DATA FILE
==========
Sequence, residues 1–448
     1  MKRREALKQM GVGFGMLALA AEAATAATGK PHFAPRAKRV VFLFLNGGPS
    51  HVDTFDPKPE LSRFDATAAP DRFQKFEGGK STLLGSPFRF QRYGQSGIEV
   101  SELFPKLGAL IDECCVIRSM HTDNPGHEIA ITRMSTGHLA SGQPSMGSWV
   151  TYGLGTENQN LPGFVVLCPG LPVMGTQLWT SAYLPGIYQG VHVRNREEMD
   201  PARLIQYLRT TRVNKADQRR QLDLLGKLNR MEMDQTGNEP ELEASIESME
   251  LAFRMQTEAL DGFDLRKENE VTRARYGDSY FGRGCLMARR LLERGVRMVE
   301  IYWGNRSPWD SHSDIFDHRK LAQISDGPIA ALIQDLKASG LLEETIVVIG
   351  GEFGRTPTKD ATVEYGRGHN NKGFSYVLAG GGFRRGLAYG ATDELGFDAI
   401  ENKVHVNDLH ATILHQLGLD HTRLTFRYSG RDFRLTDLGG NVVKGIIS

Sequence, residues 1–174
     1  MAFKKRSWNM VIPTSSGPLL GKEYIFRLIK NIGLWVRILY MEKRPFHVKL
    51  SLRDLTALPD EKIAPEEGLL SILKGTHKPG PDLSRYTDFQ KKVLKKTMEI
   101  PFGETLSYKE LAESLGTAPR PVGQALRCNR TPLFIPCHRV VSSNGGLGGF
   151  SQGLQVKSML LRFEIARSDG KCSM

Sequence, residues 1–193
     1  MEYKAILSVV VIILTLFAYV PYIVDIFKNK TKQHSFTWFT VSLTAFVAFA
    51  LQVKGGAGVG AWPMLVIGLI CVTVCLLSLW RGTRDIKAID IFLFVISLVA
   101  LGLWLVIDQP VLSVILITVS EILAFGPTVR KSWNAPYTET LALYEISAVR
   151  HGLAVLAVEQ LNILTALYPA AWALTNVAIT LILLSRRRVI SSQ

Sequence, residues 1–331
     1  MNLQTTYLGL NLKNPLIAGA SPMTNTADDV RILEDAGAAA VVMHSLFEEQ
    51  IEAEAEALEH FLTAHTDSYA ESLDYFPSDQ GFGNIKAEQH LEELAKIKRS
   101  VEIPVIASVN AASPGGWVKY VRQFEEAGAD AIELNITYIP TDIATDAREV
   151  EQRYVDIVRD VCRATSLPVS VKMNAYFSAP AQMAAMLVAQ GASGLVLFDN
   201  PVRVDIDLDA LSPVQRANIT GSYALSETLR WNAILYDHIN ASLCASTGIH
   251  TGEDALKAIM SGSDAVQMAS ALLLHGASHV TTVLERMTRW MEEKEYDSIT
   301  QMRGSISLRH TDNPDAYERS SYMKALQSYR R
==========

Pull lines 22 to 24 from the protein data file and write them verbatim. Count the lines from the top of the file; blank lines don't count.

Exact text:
     1  MNLQTTYLGL NLKNPLIAGA SPMTNTADDV RILEDAGAAA VVMHSLFEEQ
    51  IEAEAEALEH FLTAHTDSYA ESLDYFPSDQ GFGNIKAEQH LEELAKIKRS
   101  VEIPVIASVN AASPGGWVKY VRQFEEAGAD AIELNITYIP TDIATDAREV